Called to his seeds without a sound.

And the chipmunk turned a “summerset.”

And the foxes danced the Virginia reel;

Hawthorne and crab-thorn bent, rain-wet,

And dropped their flowers in his night-black hair;

And the soft fawns stopped for his perorations;

And his black eyes shone through the forest-gleam,

And he plunged young hands into new-turned earth,

And prayed dear orchard boughs into birth;

And he ran with the rabbit and slept with the stream,

And he ran with the rabbit and slept with the stream,

And he ran with the rabbit and slept with the stream.

And so for us he made great medicine,

And so for us he made great medicine,

And so for us he made great medicine,

In the days of President Washington.

  1. III.        Johnny Appleseed’s Old Age

[To be read like faint hoof-beats of fawns long gone From respectable pasture, and park and lawn, And heartbeats of fawns that are coming again When the forest, once more, is the master of men.]


Long, long after,

When settlers put up beam and rafter,

They asked of the birds: “Who gave this fruit?

Who watched this fence till the seeds took root?

Who gave these boughs?” They asked the sky,

And there was no reply.

But the robin might have said,

“To the farthest West he has followed the sun,

His life and his empire just begun.”

Self-scourged, like a monk, with a throne for wages,

Stripped, like the iron-souled Hindu sages,

Draped like a statue, in strings like a scarecrow,

His helmet-hat an old tin pan,

But worn in the love of the heart of man,

More sane than the helm of Tamerlane!

Hairy Ainu, wild man of Borneo, Robinson Crusoe—Johnny Appleseed!

And the robin might have said,

“Sowing, he goes to the far, new West,

With the apple, the sun of his burning breast—

The apple allied to the thorn,

Child of the rose.”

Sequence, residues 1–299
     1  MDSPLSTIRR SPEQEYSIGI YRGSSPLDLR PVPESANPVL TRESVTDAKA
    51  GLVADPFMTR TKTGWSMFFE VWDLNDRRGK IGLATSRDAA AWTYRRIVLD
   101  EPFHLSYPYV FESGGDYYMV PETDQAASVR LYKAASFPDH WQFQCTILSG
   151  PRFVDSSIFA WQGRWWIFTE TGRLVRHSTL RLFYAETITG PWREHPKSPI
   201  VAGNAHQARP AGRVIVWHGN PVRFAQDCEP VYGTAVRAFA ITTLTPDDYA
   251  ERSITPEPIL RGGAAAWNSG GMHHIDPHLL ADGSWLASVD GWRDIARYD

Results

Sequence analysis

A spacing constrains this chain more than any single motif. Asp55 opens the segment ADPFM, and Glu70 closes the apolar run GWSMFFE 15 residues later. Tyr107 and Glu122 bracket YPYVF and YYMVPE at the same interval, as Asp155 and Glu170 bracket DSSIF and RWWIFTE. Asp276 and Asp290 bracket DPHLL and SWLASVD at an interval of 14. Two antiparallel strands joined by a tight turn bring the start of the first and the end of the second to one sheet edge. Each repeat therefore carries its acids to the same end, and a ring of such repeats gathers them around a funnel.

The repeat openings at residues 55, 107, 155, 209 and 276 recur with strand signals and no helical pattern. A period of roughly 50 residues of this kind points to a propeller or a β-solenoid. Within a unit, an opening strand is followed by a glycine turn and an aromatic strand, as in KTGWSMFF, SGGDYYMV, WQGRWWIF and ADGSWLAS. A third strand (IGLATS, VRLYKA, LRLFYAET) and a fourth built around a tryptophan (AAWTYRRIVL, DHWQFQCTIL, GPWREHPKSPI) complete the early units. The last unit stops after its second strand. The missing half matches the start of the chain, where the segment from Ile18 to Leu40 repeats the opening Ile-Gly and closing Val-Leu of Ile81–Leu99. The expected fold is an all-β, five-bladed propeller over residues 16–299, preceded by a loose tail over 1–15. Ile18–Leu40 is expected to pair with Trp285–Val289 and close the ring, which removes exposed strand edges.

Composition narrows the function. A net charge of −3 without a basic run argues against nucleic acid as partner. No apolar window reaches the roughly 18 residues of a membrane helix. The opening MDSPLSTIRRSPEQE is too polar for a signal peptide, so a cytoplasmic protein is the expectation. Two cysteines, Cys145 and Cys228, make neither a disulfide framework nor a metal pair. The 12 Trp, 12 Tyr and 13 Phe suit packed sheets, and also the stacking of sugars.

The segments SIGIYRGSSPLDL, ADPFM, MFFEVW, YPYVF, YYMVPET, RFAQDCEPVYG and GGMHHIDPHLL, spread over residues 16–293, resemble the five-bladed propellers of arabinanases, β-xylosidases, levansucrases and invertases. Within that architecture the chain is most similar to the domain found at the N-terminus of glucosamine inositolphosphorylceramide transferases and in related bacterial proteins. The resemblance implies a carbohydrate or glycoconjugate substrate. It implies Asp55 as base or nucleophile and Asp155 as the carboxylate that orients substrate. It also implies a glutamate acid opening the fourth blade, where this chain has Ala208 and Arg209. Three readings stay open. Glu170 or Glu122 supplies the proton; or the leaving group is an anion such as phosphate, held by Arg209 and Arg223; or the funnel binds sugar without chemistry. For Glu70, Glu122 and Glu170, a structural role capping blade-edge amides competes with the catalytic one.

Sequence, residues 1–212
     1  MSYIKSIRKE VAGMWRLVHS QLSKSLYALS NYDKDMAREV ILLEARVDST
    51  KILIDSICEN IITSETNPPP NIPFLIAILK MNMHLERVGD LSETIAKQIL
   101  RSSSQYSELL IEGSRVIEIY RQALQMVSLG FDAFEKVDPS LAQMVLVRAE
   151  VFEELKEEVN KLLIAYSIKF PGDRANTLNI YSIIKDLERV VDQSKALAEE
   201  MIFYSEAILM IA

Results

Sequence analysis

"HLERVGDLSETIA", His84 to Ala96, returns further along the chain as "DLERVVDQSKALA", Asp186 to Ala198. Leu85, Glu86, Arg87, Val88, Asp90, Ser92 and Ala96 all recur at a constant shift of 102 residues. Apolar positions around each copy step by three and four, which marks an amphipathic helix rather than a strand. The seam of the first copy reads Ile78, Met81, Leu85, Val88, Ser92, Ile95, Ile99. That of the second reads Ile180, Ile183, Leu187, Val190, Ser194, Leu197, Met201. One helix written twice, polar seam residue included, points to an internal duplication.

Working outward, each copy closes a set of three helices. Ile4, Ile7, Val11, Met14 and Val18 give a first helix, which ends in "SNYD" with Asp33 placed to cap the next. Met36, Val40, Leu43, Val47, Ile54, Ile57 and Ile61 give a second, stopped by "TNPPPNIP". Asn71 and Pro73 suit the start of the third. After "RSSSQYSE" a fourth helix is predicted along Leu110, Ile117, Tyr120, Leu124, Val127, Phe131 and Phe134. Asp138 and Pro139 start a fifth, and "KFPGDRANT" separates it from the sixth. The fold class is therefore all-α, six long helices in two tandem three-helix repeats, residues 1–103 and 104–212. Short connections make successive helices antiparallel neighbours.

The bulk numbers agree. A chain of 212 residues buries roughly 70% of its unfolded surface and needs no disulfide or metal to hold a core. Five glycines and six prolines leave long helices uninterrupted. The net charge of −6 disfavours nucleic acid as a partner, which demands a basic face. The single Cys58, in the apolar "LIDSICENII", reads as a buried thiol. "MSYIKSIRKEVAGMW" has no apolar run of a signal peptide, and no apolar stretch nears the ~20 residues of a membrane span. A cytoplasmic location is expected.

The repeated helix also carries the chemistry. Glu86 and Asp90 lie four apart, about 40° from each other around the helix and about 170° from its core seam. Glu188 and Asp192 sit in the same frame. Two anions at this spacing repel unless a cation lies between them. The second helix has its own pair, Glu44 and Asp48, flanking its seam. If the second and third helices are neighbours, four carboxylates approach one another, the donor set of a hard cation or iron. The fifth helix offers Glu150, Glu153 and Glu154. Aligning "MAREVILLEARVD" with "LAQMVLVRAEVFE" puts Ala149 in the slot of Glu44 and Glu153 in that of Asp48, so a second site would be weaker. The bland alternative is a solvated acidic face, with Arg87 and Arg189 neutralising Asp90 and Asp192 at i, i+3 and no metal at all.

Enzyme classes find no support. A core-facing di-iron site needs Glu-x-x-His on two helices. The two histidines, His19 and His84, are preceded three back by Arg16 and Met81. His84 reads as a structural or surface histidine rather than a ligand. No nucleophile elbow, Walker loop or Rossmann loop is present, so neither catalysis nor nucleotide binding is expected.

Washington buried in Virginia,

Jackson buried in Tennessee,

Young Lincoln, brooding in Illinois,

And Johnny Appleseed, priestly and free,

Knotted and gnarled, past seventy years,

Still planted on in the woods alone.

Ohio and young Indiana—

These were his wide altar-stone,

Where still he burnt out flesh and bone.

Twenty days ahead of the Indian, twenty years ahead of the white man,

At last the Indian overtook him, at last the Indian hurried past him;

At last the white man overtook him, at last the white man hurried past him;

At last his own trees overtook him, at last his own trees hurried past him.

Many cats were tame again,

Many ponies tame again,

Many pigs were tame again,

Many canaries tame again;

And the real frontier was his sunburnt breast.

From the fiery core of that apple, the earth,

Sprang apple-amaranths divine.

Love’s orchards climbed to the heavens of the West.

And snowed the earthly sod with flowers.

Farm hands from the terraces of the blest

Danced on the mists with their ladies fine;

And Johnny Appleseed laughed with his dreams,

And swam once more the ice-cold streams.

And the doves of the spirit swept through the hours,

With doom-calls, love-calls, death-calls, dream-calls;

And Johnny Appleseed, all that year,

Lifted his hands to the farm-filled sky,

To the apple-harvesters busy on high;

And so once more his youth began,

And so for us he made great medicine—

Johnny Appleseed, medicine-man.


The sun was turned –up broken barrel,

Out of which their juicy apples rolled,

Down the repeated terraces,

Thumping across the gold,

An angel in each apple that touched the forest mold,

A ballot-box in each apple,

A state capital in each apple,

Great high schools, great colleges,

All America in each apple,

Each red, rich, round, and bouncing moon

That touched the forest mold.

Like scrolls and rolled-up flags of silk,

He saw the fruits unfold,

And all our expectations in one wild-flower written dream.

Confusion, and death-sweetness, and a thicket of crab-thorns!

Heart of a hundred midnights, heart of the merciful morns.

Heaven’s boughs bent down with their alchemy,

Perfumed airs, and thoughts of wonder.

And the dew on the grass and his own cold tears

Were one in brooding mystery,

Though death’s loud thunder came upon him,

Though death’s loud thunder struck him down—

The boughs and the proud thoughts swept through the thunder,

Till he saw our wide nation, each State a flower,

Each petal a park for holy feet,

With wild fawns merry on every street,

With wild fawns merry on every street,

The vista of ten thousand years, flower-lighted and complete.

Hear the lazy weeds murmuring, bays and rivers whispering,

From Michigan to Texas, California to Maine;

Listen to the eagles screaming, calling,

“Johnny Appleseed, Johnny Appleseed,”

There by the doors of old Fort Wayne.

In the four-poster bed Johnny Appleseed built,

Autumn rains were the curtains, autumn leaves were the quilt.

He laid him down sweetly, and slept through the night,

Like a stone washed white,

There by the doors of old Fort Wayne